Friday night in Grapevine, Texas. I unload my books onto the table within the large conference room named the Texas Grande Room.
I see my friend Mardra, she’s such an amazing advocate and a much more talented writer than I can ever imagine to be—I once again feel like I need more hours on the day so I can hang out with her…but then the doors open and immediately we both are inundated with the Rocking Moms of the Down Syndrome Diagnosis Network (DSDN).
Hungry for inspiration and information the 120 moms attending the Second Annual DSDN Retreat purchased every book I brought in the first hour. I was honored to be asked to pose for photos with many of them. They took me back to the days of Sean’s first few years– remembering how raw and hungry I was.
Each mom had a lanyard with their baby’s photo — adorable babies with amazing futures. Mothers with futures that they can’t imagine—but they are dedicated to giving their children all of the best.
Many of these moms are already making differences in their communities. I met two whose children have been models with major stores in print ads.
Others who have found their purpose in administrating the Facebook pages that embrace parents with prenatal diagnosis, parents who have newborns and are navigating the services and learning about this world they’ve been thrust into.
Acceptance, a sense of belonging and a known camaraderie buzzes through the room. Screams and hugs as moms meet each other face to face for the first time–knowing each other’s deepest secrets from the virtual world of their computer screens — to finally embrace each other. The room is full of love and there’s no fear felt at all.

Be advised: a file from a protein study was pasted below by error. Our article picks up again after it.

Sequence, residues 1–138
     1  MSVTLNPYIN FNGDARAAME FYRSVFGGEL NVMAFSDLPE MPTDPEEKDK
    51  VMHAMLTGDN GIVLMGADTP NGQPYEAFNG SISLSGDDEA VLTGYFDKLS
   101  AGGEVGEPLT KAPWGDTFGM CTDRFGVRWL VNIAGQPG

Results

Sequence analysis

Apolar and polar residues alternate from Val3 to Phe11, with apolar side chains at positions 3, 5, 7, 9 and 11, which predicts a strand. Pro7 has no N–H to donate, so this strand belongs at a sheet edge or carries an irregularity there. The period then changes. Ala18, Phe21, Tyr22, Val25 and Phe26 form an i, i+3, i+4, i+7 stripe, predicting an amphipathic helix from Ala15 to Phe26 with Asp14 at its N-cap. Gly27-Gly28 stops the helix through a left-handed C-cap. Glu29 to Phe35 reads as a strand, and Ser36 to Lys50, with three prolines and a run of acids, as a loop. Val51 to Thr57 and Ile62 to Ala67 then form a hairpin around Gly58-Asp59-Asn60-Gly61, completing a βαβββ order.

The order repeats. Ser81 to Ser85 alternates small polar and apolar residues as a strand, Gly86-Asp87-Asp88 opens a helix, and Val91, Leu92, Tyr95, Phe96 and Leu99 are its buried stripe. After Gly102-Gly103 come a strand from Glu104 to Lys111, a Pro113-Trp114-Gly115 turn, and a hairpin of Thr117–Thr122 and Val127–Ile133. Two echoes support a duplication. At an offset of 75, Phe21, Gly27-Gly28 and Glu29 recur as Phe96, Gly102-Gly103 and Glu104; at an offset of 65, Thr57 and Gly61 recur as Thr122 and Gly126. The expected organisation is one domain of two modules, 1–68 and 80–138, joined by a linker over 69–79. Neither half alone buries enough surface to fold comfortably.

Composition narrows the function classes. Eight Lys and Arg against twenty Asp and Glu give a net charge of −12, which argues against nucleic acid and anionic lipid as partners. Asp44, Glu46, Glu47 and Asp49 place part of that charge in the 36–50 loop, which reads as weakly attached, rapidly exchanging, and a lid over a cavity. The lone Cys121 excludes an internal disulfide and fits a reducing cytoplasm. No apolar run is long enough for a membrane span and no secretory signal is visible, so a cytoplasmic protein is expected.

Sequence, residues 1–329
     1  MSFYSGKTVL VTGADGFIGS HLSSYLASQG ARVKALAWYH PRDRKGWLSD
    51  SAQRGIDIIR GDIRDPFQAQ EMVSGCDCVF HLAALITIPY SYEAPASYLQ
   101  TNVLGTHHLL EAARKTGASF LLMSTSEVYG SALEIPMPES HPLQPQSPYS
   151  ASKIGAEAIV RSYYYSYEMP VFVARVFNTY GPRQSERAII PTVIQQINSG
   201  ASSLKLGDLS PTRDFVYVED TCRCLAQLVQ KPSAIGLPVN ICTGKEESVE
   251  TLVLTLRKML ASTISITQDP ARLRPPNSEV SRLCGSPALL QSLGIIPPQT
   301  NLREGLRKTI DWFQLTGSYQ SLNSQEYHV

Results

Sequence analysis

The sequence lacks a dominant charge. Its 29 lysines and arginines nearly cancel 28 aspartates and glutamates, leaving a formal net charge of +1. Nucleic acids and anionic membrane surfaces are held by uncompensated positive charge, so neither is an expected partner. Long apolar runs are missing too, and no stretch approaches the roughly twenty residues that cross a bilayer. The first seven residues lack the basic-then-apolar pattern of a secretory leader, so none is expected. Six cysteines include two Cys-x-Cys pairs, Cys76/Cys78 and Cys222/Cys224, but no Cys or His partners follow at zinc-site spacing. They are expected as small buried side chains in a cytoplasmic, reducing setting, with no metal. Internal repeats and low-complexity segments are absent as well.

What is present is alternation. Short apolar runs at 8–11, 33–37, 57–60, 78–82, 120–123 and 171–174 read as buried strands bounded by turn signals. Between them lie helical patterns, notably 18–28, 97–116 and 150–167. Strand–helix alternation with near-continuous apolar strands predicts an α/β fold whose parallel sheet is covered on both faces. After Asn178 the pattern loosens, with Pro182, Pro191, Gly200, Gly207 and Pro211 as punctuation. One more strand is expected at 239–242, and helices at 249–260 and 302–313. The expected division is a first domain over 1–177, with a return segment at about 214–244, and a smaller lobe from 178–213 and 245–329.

I’m humbled to have been invited to talk to this group of moms who are supporting the future school-age children, future teens and future adults with Down syndrome.
Because of a mom who saw a need to connect new moms this group started a very few years ago, and has grown to over 2,200 worldwide in this short time. Mother of necessity mother of invention-Jenn Jacob has changed the world for the possible lost souls. She has taken them to the mountain and they are climbing to the top together with the support that can’t come from anybody who isn’t wearing the same hiking boots and traveling the same path.
To stand before these women and share the message that their children can change the world is an privilege that I don’t feel worthy of. But a compliment I’ve taken seriously. Because exactly 22 years ago as I was about to deliver my baby–not knowing he would be blessed with an extra chromosome, and not knowing how much my life would change for the better, I’m here to inspire them to see the miracles, when they can’t imagine there are any.
It’s so easy to look back and see the steps that I took, many times blindly, just with faith that God was directing every one of them and tell the stories of how Sean’s mere existence changed the world for students with disabilities who followed him through school and students without disabilities who found their vocations from being Sean’s friend.
And now because of Born this Way, Sean and his fellow castmates are changing the world for all people with Down syndrome in North and Latin America. A platform so mighty I have to focus elsewhere so I don’t become overwhelmed with the responsibility of it all.
My message to these moms:
You Can Change the World, and your child can and will change the world. They have already changed your world and will change the world of the many people that they will encounter in their lives.
You all are still in the land of pee, poo and spit up. You are terrified of wearing white clothing.